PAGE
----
Term of Award

Spring 2016

Degree Name

Doctor of Public Health in Public Health Leadership (Dr.P.H.)

Document Type and Release Option

Dissertation (restricted to Georgia Southern)

Copyright Statement / License for Reuse

Creative Commons License
This work is licensed under a Creative Commons Attribution 4.0 License.


Jiann-Ping Hsu College of Public Health

Committee Chair

Gulzar Shah

Committee Member 1

Andrew Hansen

Committee Member 2

Haresh Rochani


This study sets out to explore and describe the perceptions of central Georgia African American small family farmers’ concerning production agriculture safety and how their perceptions may influence farm safety practices. The majority of existing data, studies, and injury prevention programs on production agriculture safety have been conducted on white farmers and their families or the migrant farm community (Earle-Richardson & Jennings, 2001). Maciuba, Westneat, & Reed (2013) note there are few studies which focus on the occupational health needs of African American farmers. There are a number of quantitative studies that help frame the dangers of the farm environment and provide descriptive data as to the variables associated with farm injuries. However, because small family farms have their own identity informed by ethnicity, socioeconomic status, level of education, and family traditions which influences work practices, it is of importance to study this high risk fatal and nonfatal injury vocation from an emic perspective (McCoy, Carruth, & Reed, 2002). The overall objective of this study is to provide contemporary insight into the production agriculture safety perceptions of central Georgia African American small family farmers. This study will also inform rural public health professionals, agricultural professionals and policy makers of this group’s production agriculture safety needs and interests in central Georgia. Focus groups and standardized open-ended interviews were the qualitative methods used to answer study questions. Findings from this study suggest that African American small family farmers in central Georgia perceive themselves to be at risk of sustaining farm related injuries. They also perceive farm injuries as a serious consequence. Effective farm safety strategies in their view would greatly reduce the risk of farm injuries. There was also a belief that potential cost barriers related to production agriculture safety should not restrict farm safety practices. Farmers for this study tied farm safety to pride of ownership and farm production. There perceptions of the risk of farm injury resonated with their belief that taking appropriate safety actions would lead to a safer farm environment for the farm family. Although participants acknowledged their vulnerability to farm related injuries, they did not feel their risk of injury was any greater than other occupational settings. Findings seem to suggest the likelihood of participants supporting farm safety practices is possible with the assistance of health promotion strategies by rural public health professionals and agriculture extension agencies.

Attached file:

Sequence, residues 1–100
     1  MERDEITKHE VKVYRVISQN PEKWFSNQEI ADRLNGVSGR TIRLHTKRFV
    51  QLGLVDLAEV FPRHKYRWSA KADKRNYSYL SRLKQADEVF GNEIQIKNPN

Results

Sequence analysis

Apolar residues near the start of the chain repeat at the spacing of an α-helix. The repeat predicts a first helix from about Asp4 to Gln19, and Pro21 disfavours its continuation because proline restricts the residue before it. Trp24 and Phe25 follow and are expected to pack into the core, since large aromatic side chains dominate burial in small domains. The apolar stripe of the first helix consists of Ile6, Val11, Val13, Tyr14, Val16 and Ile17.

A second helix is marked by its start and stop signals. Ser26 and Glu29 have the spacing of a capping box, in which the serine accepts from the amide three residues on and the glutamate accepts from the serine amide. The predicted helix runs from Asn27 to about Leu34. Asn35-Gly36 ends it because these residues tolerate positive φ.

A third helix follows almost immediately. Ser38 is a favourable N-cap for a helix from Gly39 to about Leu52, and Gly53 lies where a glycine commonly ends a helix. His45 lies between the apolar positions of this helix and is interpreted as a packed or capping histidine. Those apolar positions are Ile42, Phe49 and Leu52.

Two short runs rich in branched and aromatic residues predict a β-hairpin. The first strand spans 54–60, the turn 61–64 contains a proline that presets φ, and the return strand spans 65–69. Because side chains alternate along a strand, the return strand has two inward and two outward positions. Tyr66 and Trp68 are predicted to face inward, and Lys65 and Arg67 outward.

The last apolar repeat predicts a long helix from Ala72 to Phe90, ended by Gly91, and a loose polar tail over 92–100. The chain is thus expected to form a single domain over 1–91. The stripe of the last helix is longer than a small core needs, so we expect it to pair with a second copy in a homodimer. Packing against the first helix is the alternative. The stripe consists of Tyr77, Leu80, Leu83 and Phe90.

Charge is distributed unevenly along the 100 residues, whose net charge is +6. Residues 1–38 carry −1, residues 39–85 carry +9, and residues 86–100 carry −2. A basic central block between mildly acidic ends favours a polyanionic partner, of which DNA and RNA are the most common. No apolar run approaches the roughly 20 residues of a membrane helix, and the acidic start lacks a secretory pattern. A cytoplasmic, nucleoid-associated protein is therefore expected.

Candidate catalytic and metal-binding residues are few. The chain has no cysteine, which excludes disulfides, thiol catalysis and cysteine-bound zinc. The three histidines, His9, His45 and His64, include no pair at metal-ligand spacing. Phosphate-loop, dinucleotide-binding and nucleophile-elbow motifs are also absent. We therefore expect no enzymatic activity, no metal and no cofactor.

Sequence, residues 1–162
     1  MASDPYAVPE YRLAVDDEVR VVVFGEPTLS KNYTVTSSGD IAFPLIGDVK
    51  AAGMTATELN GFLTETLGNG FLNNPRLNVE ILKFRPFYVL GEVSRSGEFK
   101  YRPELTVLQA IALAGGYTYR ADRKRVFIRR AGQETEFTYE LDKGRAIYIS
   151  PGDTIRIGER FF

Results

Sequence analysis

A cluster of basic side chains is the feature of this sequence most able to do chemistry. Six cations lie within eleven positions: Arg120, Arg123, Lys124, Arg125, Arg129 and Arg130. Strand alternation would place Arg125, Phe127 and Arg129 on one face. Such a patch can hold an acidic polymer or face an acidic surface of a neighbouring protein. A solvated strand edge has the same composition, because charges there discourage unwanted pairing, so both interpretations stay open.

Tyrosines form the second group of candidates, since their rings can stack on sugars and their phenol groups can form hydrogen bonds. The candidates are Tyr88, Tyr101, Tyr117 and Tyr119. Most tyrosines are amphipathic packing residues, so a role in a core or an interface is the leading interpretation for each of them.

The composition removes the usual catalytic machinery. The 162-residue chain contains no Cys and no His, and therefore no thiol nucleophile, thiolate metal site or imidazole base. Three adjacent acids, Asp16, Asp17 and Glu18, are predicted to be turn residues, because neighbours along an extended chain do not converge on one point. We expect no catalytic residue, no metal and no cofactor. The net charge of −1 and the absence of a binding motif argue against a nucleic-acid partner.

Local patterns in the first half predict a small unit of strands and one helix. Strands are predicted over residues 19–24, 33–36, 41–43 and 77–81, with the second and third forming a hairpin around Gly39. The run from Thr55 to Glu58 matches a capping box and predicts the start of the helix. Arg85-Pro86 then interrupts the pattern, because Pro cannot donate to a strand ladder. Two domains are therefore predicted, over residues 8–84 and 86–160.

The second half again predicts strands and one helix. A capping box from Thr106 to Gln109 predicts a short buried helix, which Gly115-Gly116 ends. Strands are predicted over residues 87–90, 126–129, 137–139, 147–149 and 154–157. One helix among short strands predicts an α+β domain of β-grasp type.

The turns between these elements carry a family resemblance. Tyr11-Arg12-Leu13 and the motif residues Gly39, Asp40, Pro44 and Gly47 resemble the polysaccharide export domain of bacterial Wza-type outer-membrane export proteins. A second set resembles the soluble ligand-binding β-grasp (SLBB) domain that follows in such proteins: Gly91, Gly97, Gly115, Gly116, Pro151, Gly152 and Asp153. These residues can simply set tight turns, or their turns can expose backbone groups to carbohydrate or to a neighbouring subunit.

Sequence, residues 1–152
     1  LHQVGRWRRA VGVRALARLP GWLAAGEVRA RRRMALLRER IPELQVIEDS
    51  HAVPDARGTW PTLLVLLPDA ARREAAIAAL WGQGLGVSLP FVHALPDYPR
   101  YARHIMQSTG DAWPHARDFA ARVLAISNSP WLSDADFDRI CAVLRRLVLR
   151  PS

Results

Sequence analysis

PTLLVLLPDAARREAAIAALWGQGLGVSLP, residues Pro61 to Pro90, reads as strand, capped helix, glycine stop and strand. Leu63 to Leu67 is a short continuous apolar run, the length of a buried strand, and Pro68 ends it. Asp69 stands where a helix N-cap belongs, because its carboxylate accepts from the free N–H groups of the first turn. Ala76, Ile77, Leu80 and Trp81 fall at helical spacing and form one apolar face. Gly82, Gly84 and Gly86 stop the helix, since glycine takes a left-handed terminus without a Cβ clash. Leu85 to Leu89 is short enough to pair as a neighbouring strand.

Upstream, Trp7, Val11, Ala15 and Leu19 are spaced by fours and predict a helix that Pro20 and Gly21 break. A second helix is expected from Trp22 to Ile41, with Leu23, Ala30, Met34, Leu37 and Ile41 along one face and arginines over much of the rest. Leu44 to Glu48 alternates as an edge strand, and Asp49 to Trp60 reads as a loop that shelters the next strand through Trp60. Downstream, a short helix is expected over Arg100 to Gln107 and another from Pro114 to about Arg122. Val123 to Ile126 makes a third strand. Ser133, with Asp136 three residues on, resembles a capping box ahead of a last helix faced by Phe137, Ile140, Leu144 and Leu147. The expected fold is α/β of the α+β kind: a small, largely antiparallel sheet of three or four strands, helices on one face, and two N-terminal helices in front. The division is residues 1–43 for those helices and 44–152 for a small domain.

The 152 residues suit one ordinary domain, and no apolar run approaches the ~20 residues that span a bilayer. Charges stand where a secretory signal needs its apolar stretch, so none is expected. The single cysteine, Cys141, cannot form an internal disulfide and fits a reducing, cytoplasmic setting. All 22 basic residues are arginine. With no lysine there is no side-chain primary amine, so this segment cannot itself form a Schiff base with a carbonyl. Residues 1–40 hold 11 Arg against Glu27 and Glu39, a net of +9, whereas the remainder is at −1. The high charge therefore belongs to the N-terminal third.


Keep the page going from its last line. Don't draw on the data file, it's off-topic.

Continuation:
INDEX WORDS: African American Farmers, Farm Injuries, Farmer Stress Factors, Farm Risk, Farm Hazards, Agricultural Workforce, Older Farmers, Farming Environment, Farmer Injuries, Prevention Strategies, Health Belief Model